Marriage vs. Divorce Think It Over

Should you really start thinking about when to divorce when your spouse says that he or she has “fallen out of love” with you?



This is the second part in the series of blog posts on the commonly used phrase  “I love you but am not in love with You,” which will focus on what your spouse really means when he or she says  that phrase, and when to divorce.

divorce and marriage

Divorce is not the only solution to your troubled marriage.

There is no word more misunderstood, abused and thrown around lightly and in the wrong context, than the word love.

“Falling in and out of love” is a catch phrase that stirs emotions, images and ill defined ideas. You think about the word “love” and what you think may be extremely different from the person sitting next to you.

You talk about love, but your communication is lacking since the phrase can refer to almost anything a person imagines when thinking of that process.

You think it’s the end. You think it’s time for you to start planning when to divorce.

You may think “I love you but am not in love with you” is a death knell for the marriage. It certainly may feel like it. But does that phrase really mean that you should start thinking about when to divorce?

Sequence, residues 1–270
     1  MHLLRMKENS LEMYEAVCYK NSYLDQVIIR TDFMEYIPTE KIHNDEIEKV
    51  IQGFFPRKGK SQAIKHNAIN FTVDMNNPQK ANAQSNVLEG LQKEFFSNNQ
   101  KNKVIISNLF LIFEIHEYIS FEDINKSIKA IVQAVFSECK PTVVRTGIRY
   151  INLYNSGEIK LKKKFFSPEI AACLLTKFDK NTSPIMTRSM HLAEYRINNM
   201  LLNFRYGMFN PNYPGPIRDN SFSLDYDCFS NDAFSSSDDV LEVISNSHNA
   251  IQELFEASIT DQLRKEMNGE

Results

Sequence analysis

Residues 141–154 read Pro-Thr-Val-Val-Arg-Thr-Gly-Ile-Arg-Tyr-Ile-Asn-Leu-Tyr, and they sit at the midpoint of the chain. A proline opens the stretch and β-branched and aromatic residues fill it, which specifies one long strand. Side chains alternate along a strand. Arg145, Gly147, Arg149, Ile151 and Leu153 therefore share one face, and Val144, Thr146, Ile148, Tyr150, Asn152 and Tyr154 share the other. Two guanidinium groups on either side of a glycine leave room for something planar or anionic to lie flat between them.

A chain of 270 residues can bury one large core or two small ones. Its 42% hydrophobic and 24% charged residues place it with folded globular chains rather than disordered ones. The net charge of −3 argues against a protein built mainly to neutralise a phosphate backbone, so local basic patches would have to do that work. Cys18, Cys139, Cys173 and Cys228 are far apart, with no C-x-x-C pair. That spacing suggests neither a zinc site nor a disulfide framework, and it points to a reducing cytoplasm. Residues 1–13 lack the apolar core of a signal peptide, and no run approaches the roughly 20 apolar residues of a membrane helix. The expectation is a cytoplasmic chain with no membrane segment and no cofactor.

Experiences with a lot of different couples in different situations tells us that most spouses, when planning to leave a marriage, do not go to the trouble of confronting their spouse with the “I love you but am not in love with you” mantra. They are gone. Period. No meaningful communication. Just the slamming of the marital door.

“I love you but am not in love with you” most likely is an attempt to generate some sort of meaningful conversation, and not at all a way to introduce the thought of when to divorce in your head.

Even in an affair that is in full blown starry-eyed progress, your cheating spouse at one level knows that the affair relationship has a slim to none chance of working. The “I love you but am not in love with you” is a connection; perhaps much stronger than you imagine.

Or, “I love you but am not in love with you” may denote a transition or significant change in your marriage and/or the life of your spouse. You are on the edge of something and he or she knows it, although may have extreme difficulty describing it accurately.

So before you start to think about what the best or right time when to divorce is, make sure you know what your partner’s purpose is in telling you the phrase “I love you but I am not in love with you.”


Best regards,



About Laurence

Hi friends, when I began this blog 2 years ago I was at the end of what turned out to be a 51year marriage. My wife succumbed to cancer on 12/6/11 and life has not been the same since. It was and still is my goal here to promote long term marriages. There are many reasons this is difficult today, but I still believe it is possible and via this blog I will be trying to suggest steps you BOTH can take to save your marriage. Thank you
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